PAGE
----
Every Friday, he and Fernanda invited Ian. The Canadian declined. Tonight, his last, the party-pooper accepted. There was nothing to lose. His flight was 6:00 AM. Why not stay awake—partying at Damascus's hottest club?

This was the grand holiday of each week. 'Friday-the-Smiley,' Hazza called it. Families picnicked on traffic islands, on the slopes of Mount Qassioum, along roadsides—to flee the pollution and heat of the lower city. Total, unforgiving celebration—in the dark.

Three months before, Ian shunned these locales. Any crowds, in fact, nightspots, traffic jams—wherever he felt closed in. Public holidays. Friday noon prayers—occasions to avoid. The travel advisories said so. You remained in your digs. Ian's imagination was fuelled by alarm: of abduction, Syrian spies, rendition, torture, decapitation, the odd suicide bomber.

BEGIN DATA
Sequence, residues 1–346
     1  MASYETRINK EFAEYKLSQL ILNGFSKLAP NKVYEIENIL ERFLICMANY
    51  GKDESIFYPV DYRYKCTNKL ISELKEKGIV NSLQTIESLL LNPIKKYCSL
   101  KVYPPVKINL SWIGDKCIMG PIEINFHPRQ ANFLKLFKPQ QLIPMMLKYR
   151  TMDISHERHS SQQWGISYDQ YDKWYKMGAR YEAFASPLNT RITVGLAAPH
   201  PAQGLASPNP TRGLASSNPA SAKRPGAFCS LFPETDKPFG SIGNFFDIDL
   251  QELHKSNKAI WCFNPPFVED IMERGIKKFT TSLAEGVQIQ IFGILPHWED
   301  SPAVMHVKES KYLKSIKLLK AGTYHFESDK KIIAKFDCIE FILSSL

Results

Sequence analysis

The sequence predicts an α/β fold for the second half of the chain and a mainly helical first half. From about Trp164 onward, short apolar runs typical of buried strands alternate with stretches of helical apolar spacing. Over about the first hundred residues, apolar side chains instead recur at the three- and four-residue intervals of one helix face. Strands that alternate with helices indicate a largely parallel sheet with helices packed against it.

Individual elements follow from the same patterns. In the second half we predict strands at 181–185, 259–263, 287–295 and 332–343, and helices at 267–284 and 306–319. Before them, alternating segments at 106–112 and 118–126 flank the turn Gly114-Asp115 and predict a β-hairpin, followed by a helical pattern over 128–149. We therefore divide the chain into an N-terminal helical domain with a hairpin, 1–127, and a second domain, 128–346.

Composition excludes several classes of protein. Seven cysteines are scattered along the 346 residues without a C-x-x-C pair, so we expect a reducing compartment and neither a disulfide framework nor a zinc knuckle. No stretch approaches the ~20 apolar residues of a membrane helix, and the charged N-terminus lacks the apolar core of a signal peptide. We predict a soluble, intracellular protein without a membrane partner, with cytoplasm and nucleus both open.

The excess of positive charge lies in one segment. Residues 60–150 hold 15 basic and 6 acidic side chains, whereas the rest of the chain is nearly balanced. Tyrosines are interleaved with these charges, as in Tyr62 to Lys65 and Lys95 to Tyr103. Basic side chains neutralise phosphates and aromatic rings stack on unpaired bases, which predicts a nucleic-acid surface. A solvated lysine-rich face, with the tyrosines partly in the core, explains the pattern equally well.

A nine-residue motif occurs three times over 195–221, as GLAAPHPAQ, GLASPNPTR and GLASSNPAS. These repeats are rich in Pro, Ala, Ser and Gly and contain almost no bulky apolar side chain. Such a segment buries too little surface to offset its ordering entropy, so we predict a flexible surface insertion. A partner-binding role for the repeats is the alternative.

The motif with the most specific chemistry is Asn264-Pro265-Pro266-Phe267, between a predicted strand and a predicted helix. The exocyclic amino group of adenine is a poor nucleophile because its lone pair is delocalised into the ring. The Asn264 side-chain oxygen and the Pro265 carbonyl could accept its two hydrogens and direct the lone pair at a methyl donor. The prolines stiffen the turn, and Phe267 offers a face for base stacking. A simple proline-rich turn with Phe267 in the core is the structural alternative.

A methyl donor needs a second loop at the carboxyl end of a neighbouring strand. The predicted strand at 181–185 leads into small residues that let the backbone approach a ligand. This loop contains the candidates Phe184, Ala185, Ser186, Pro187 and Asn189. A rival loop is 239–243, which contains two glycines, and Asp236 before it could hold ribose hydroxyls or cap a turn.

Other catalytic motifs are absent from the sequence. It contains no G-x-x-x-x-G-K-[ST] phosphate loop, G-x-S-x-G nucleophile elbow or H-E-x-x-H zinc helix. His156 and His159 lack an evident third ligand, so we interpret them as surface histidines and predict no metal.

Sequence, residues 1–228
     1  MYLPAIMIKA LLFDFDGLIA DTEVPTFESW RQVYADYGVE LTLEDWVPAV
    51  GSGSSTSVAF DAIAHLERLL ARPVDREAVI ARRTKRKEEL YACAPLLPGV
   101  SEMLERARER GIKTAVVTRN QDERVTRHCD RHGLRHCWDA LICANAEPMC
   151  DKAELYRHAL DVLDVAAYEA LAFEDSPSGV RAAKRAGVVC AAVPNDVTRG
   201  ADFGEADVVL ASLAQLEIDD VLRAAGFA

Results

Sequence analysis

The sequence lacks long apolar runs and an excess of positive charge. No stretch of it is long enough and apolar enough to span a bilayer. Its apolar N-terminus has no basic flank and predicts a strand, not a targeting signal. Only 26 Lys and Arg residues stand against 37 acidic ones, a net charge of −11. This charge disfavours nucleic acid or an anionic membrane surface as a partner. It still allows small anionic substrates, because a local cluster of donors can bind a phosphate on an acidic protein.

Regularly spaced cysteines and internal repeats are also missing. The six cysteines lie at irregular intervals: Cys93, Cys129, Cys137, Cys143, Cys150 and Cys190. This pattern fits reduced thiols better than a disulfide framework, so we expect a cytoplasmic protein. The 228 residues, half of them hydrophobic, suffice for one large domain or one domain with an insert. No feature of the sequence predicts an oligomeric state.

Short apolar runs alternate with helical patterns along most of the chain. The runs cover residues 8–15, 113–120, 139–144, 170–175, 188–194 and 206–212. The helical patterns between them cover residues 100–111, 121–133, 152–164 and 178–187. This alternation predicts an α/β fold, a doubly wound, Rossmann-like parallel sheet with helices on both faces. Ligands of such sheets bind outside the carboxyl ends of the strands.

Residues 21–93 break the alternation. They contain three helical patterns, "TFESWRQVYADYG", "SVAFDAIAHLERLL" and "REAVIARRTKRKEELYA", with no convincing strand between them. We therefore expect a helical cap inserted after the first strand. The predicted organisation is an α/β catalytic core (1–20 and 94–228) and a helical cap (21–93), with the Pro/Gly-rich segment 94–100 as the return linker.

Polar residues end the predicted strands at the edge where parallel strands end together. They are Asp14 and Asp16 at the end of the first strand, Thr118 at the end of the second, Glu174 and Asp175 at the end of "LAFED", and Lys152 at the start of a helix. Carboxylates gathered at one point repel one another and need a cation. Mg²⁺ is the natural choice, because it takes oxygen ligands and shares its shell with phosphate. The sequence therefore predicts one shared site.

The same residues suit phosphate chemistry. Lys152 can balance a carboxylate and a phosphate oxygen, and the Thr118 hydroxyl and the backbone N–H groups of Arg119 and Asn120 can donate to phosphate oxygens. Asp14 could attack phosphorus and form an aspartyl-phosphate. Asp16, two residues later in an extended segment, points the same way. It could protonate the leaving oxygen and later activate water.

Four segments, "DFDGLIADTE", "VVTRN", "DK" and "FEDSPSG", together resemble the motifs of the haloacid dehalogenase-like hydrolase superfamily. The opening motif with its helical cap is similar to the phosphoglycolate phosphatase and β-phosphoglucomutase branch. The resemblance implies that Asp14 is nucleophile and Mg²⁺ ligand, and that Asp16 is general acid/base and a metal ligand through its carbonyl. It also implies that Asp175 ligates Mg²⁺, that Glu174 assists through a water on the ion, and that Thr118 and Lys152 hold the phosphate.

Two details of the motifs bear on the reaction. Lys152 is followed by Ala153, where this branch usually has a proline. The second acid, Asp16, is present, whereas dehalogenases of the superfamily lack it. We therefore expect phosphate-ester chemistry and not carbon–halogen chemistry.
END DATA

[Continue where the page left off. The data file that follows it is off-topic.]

Not surprisingly, the Quebec company paid him handsomely for his drawings. An assignment too unpredictable for most—with Iraq a stone's throw away, and Baghdad. Most people did not risk life and limb for decorated lintels on historic porticos. On edge still, though—in these closing hours Ian tried to savour the unpredictable. No-one meant any ill will. Quite the opposite. Why could he not feel that—benevolence?

Ian needed even more time—to appreciate what living here meant. Why was he so exhilarated? Inspired? Three months had taken him past the novelty of Damascus, and Syrians. There was more to understand.

"We travel up there!" Hazza said. He pointed to terrace lights on the distant hill—as Salah swerved to avoid a trench.

"Is it better than the Palmyra oasis?" Ian asked.

No reply.

Ian glanced over his shoulder.

It was one of those instances when Hazza fell silent—as at the mention of London, England. There was sadness in his eyes, apprehension. Hazza squirmed, and clicked his fingers harder to Fairuz.

On this last night, Ian should not have mentioned the previous week's trip east to the second century ruins of Palmyra, and the desert camel journey, the stay with a Bedouin family near Iraq's border. It had affected them both—and brought their friendship closer to love.